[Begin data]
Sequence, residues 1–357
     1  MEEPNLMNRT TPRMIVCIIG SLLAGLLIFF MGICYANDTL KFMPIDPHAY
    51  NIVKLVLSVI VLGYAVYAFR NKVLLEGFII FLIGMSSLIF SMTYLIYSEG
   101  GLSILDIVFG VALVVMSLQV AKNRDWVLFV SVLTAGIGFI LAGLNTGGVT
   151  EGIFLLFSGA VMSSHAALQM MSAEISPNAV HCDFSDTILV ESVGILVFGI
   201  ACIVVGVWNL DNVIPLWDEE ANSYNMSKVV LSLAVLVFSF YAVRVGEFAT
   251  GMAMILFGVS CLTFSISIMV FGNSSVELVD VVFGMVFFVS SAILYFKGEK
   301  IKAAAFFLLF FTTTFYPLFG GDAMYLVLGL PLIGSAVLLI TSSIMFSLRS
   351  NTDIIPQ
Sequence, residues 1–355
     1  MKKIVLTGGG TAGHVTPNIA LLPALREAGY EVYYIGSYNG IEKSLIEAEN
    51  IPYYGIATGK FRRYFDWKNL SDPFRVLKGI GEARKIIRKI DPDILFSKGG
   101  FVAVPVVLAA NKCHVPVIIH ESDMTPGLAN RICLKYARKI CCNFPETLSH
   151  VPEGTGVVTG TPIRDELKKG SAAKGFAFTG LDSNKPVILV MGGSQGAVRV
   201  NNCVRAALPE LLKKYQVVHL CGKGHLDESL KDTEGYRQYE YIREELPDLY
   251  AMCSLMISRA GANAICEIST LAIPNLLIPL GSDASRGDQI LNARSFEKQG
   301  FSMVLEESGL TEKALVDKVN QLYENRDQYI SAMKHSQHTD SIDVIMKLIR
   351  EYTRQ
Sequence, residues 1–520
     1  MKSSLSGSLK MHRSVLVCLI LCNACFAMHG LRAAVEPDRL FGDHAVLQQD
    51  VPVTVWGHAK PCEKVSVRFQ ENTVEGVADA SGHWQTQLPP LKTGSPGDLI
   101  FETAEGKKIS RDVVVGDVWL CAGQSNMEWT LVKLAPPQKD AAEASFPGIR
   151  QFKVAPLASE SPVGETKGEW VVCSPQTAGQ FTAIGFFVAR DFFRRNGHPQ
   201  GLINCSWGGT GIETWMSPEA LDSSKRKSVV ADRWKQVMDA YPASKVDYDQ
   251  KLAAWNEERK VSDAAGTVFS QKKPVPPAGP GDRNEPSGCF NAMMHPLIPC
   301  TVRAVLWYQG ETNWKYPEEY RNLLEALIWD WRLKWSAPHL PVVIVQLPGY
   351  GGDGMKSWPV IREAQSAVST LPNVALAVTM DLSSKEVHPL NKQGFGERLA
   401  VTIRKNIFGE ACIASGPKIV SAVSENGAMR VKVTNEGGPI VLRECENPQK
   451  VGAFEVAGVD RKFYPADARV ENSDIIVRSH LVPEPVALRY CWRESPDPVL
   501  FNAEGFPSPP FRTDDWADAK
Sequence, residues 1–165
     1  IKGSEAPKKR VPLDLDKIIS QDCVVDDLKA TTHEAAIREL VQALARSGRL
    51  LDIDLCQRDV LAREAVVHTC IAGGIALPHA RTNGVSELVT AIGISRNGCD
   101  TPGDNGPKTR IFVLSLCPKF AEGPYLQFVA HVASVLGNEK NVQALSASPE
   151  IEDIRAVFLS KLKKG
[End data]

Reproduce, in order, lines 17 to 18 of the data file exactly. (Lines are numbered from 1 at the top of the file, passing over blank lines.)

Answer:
   301  FSMVLEESGL TEKALVDKVN QLYENRDQYI SAMKHSQHTD SIDVIMKLIR
   351  EYTRQ